understand or make basic math comparisons.

14
A Look At Global Literacy
  • However, due to economic rules for securing
    government loans, many governments have
    liberalized their definitions of literacy to
    improve their chances of securing financial
    assistance
  • In some countries, if one has attended only one
    grade of school, or if they can read a voting
    ballot, they are considered as literate

15
A Look At Global Literacy
  • New Testament Aramaic Greek Literacy was 3-5
    (This is why there were Scribes in the Sanhedren)
  • By 1790 global literacy was no better than 10
  • In the 1990s actual global literacy was about
    40-50
  • For instance, the USA lists literacy as being 90
    plus but it is closer to 60

16
Profiles of Oral Literate Communicators
  • Literate Communicators
  • As a person becomes more literate, sounds are
    recognized as written words that are known by
    their appearance, and by their specific shades of
    meaning
  • Literates tend to forget that markings on a
    page--words--can never replicate that word in its
    sounded form and life context. Thus the
    phrase--words fail me.
  • Literates become more and more text oriented
  • For literates, knowledge is defined in terms of
    what can be secured from files, books, computers,
    etc. and not in terms of what is remembered
  • Literates use words and names as tags

17
Published Illiteracy Rates
Hong Kong 25 Senegal 90 Venezuela 14 Colombia
20 Italy 7 Cyprus 1 Guatemala 50 Egypt
60 China 25 NIgeria 70 Philippines 12 Ecu
ador 10 Thailand 18 Taiwan (China)
6 Brazil 24 Bolivia 37 Spain
3 Caribbean Islands 40 (St. Lucia) - 11
(Trinidad Tobago) 5
(Netherlands Antilles)
Source Research Planning, FMB 8/89
18
Profiles of Oral Literate Communicators
  • Oral Communicators
  • Have never, ever seen a word
  • Words are strictly sounds and have no visual
    presence
  • Isolated sounds (words) have no meaning until
    used in a sentence or a paragraph associated with
    a life event or story of a life event
  • Oral Communicators only know what can be recalled
    at a moment of need
  • Oral communicators house or carry their
    information, or what they know, with them
    clothed in stories, or mental pictures of life
    events, which they can remember in order to have
    the information they need

19
ProfilesContinued
  • Ocs do not tend to make lists or condense stories
    or bodies of information into points, outlines,
    concepts, principles, teachings, steps in a
    process or other expositional type formats. Such
    formats are useless and not understood by Ocs for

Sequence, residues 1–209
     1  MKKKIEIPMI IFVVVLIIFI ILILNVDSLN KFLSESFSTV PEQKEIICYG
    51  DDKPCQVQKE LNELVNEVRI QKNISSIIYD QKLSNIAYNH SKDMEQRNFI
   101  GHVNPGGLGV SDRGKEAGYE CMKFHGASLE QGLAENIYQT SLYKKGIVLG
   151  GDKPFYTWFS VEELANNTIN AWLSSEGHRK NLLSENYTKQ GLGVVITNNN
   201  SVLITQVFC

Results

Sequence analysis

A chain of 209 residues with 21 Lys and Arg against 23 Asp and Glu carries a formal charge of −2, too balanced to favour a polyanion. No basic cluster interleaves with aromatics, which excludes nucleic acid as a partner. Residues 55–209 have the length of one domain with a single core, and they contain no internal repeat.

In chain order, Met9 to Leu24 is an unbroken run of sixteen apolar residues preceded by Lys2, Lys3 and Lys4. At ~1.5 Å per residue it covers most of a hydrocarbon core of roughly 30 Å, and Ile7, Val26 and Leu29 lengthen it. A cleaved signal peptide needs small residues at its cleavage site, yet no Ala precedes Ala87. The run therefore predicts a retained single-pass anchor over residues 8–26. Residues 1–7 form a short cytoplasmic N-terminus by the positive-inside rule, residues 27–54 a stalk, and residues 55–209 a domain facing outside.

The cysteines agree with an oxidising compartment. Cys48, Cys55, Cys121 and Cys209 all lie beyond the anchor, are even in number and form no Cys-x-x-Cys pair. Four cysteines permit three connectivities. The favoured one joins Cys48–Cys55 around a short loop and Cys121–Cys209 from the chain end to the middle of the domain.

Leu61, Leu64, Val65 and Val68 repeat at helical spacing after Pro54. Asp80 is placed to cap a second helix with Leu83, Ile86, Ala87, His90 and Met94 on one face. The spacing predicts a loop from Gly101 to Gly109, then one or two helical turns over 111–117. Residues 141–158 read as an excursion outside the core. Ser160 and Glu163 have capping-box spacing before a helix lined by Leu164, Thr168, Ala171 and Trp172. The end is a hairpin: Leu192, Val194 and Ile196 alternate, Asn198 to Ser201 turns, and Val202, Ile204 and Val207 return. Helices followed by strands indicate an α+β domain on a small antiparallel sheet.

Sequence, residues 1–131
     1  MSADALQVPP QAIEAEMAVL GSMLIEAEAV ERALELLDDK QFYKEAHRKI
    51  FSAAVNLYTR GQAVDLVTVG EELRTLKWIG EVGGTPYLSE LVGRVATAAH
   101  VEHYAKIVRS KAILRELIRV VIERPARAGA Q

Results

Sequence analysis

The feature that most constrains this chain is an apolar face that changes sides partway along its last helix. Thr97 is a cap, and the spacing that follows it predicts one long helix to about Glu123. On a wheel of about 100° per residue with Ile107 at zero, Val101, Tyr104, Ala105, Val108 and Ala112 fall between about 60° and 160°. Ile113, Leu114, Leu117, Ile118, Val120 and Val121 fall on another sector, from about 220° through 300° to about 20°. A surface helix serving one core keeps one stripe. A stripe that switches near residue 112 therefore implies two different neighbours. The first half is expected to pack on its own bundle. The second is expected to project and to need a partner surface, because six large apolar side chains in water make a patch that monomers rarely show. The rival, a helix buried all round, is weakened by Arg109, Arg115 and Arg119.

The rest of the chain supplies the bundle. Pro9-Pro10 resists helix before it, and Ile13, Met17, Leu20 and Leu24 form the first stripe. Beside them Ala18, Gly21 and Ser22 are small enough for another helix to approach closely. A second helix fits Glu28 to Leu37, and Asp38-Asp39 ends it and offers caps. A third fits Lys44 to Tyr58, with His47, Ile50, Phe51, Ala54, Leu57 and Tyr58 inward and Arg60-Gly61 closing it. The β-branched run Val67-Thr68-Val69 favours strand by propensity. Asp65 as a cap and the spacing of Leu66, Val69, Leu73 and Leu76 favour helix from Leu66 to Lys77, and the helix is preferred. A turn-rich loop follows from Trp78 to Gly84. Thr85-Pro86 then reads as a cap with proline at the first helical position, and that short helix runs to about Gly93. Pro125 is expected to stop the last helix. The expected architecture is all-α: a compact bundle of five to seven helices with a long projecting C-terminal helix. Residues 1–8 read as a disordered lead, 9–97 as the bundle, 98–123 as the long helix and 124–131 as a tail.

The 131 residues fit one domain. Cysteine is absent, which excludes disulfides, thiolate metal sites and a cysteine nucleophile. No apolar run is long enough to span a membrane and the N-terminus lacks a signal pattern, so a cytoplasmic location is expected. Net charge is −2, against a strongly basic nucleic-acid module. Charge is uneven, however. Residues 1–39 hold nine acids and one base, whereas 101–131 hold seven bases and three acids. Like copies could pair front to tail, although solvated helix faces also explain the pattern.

they are unnatural to their learning style and
    cannot be remembered
  • Ocs learn best through apprenticeships and
    mentoring
  • Ocs seldom isolate truths or teaching from their
    stories. They are one with the story.
  • Progress or success for an Oc is is being aware
    of and true to ones heritage, and doing
    acceptable things in acceptable ways, and doing
    them correctly
  • Ocs can memorize, remember, long stories, and
    treasured ones are not tinkered with or changed

20
ProfilesContinued
Ocs are redundant and repetitive Ocs are very
conservative and fearful of change For an Oc to
change a valued, historic, mental
text--oralature--is to threaten life itself, and
their heritage. A treasured link and window to
the past is severed. Ocs tend not to engage in
more than one-step analysis for breaking up
thought and holding it in suspension is very
difficult. Yet, Ocs can handle any thought, idea,
concept, principle or teaching that a literate
can handle, if it is properly clothed within a
story Ocs participate with the story teller in
the telling and living of the story that is
being told.
21
Profiles of Oral Literate Communicators
  • Literate Communicators
  • As a person becomes more literate, sounds are
    recognized as written words that are known by
    their appearance, and by their specific shades of
    meaning
  • Literates tend to forget that markings on a
    page--words--can never replicate that word in its
    sounded form and life context. Thus the
    phrase--words fail me.
  • Literates become more and more text oriented
  • For literates, knowledge is defined in terms of
    what can be secured from files, books, computers,
    etc. and not in terms of what is remembered
  • Literates use words and names as tags

22
ProfilesContinued
Literates develop the need and ability to reduce
stories, texts, and documents to a theme, a
slogan, a bottom line statement, the gist of
the story, an outline, principles, steps in a
process, teachings or other expository
forms. Literates gravitate to corporate digests
of written works, and feign from reading, texts,
long novels and works Literates constantly
analyzes people, life situations, and events,
thus drawing conclusions and lessons from
them Compares and combines information to form
new truths or slightly different teachings or
truths, syntheses As literate skills develop,
they tend to shy away from memorization and loose
the skill due to lack of use
23
ProfilesContinued
Literates tend toward individualism, thus moving
away from being highly relational Literates tend
to turn inward, read silently, and suffer more
from schizophrenic traits Literates tend to
demand their own rights as opposed to
acknowledging the groups rights Tends to listen
more critically to a story thus not participating
in the story as much as an oral